The Last Embrace by Arthur Boyd Houghton

The Last Embrace by Arthur Boyd Houghton



The Last Embrace

Oil on canvas

26 by 30.5 cm., 10 ¼ by 12 in.
(frame size 40 by 44 cm., 15 ¾ by 17 ¼ in.)

Christie’s, London, 1876, lot 115, bt. Huxley;
Sotheby’s, London, 1962, bt. Fine Art Society;
Sotheby’s Belgravia, 2 May 1972;
Christie’s London, 5 October 1973, lot 23, bt. Hartnoll & Eyre;
Peter Rose and Gallichan collection.

Paul Hogarth, Arthur Boyd Houghton, London 1975, p.26, no.76.

Houghton was born in India, the son of a captain in the East India Company’s marine service. Both is father and older brother were accomplished military draughtsmen and he probably received early training from them. His family returned to England in the early 1850s and he began studies at Leigh’s and the Langham Art Society before entering to the Royal Academy Schools in 1854. Although he considered his paintings in oils and watercolour to be his most important work, financial concerns make him turned increasingly to illustrating. He became one the most distinguished illustrators of the mid 19th Century, working for a number of magazines including,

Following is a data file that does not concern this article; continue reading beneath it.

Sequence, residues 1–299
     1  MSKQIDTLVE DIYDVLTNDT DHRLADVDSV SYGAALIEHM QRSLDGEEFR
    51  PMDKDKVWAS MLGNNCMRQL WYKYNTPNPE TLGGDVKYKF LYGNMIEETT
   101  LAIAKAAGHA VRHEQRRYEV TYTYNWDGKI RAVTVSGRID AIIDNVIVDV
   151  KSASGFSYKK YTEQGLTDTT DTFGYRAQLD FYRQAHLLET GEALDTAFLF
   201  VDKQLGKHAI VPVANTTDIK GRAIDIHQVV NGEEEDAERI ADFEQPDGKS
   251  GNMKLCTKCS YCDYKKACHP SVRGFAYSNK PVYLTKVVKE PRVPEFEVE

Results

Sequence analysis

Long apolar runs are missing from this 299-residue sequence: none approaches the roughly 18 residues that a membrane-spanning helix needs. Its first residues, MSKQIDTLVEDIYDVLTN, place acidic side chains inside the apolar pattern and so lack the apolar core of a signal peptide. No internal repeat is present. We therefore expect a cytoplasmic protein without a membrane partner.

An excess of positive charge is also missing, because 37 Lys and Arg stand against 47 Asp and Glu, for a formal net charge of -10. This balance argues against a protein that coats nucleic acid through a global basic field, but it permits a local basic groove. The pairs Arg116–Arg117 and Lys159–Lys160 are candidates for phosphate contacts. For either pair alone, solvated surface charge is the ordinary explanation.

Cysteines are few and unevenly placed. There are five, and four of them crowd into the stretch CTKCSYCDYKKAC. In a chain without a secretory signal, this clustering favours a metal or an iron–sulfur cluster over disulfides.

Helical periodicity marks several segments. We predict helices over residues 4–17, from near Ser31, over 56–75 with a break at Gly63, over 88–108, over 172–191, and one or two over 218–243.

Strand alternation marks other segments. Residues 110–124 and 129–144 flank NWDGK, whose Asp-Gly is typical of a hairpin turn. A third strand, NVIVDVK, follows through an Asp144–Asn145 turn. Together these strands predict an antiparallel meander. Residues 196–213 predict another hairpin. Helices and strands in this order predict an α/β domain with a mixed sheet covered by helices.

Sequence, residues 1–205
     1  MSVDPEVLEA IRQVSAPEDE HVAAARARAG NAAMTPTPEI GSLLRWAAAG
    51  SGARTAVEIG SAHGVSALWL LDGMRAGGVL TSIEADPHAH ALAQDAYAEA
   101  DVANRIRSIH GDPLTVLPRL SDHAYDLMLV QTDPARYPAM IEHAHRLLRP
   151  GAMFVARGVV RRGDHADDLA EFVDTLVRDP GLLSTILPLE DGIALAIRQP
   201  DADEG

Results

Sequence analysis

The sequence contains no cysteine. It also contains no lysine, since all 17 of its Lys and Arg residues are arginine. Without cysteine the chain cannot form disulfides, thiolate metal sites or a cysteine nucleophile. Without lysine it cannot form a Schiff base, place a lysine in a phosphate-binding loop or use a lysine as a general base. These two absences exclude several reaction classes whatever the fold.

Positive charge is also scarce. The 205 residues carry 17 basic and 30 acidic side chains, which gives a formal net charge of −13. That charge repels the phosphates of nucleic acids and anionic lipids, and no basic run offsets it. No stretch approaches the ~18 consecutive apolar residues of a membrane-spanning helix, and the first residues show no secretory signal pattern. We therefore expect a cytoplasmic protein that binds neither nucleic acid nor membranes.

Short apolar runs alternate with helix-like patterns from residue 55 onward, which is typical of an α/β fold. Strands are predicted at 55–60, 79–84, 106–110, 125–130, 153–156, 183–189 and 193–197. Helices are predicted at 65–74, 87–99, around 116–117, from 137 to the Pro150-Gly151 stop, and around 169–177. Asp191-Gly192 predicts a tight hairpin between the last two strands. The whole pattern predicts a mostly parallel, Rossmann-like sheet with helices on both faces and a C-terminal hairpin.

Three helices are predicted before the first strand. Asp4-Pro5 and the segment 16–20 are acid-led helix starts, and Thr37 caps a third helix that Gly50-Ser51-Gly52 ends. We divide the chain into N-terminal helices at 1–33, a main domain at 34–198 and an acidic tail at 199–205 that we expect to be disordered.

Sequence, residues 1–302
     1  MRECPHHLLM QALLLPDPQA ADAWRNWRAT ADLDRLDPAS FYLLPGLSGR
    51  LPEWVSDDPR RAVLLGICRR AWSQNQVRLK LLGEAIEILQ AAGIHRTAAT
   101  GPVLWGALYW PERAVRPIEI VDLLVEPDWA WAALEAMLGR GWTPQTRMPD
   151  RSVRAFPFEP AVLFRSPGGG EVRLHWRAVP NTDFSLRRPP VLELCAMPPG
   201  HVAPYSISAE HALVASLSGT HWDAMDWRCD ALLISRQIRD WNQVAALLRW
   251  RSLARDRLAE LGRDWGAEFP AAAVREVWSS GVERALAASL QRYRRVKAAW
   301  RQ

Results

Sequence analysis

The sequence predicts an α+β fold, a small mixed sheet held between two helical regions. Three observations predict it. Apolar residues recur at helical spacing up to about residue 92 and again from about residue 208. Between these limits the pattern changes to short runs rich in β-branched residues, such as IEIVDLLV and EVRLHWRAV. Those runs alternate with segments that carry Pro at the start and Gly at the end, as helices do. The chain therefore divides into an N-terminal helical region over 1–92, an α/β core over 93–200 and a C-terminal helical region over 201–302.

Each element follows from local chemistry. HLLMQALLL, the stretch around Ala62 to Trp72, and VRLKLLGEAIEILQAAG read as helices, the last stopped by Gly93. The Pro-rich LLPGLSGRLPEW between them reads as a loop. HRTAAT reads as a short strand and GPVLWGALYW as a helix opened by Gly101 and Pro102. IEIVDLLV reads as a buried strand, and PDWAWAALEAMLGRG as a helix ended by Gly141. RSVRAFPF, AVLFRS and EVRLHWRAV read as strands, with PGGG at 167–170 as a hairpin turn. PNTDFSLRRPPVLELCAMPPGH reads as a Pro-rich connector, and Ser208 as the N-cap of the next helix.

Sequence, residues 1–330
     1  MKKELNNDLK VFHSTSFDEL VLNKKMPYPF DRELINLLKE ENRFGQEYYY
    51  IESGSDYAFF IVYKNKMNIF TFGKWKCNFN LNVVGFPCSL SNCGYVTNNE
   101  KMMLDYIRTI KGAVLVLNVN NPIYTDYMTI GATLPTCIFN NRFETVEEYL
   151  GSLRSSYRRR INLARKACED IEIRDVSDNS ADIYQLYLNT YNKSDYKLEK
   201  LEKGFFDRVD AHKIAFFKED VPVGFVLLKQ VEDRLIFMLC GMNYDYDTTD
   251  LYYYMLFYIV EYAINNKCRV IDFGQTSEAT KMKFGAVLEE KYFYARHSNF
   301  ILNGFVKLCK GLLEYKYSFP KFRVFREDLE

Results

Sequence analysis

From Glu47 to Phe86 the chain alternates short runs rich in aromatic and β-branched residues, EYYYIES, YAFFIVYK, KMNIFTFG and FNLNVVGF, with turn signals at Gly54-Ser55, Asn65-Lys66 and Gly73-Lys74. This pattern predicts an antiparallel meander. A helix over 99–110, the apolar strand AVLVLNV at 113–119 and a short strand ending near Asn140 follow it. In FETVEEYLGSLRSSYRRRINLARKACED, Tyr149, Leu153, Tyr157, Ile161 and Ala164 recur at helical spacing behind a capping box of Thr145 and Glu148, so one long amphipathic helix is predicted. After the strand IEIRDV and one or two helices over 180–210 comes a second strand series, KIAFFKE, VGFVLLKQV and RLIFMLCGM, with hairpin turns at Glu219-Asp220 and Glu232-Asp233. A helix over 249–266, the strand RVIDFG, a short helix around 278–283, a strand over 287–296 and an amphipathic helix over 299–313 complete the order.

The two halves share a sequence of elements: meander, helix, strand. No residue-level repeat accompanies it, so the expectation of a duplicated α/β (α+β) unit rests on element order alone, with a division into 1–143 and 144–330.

The Graphic, Good Words, The Sunday Magazine and others. His most important book illustrations were those for Dalziels’ Arabian Nights (1865) and The Adventures of Don Quixote (1866).

The present work was painted c.1866-67 and may have also been known as The Romance of a Crusader. Two medieval lovers are shown walking through a corn field, unaware of the danger of a robed crossbow man who seems about to strike.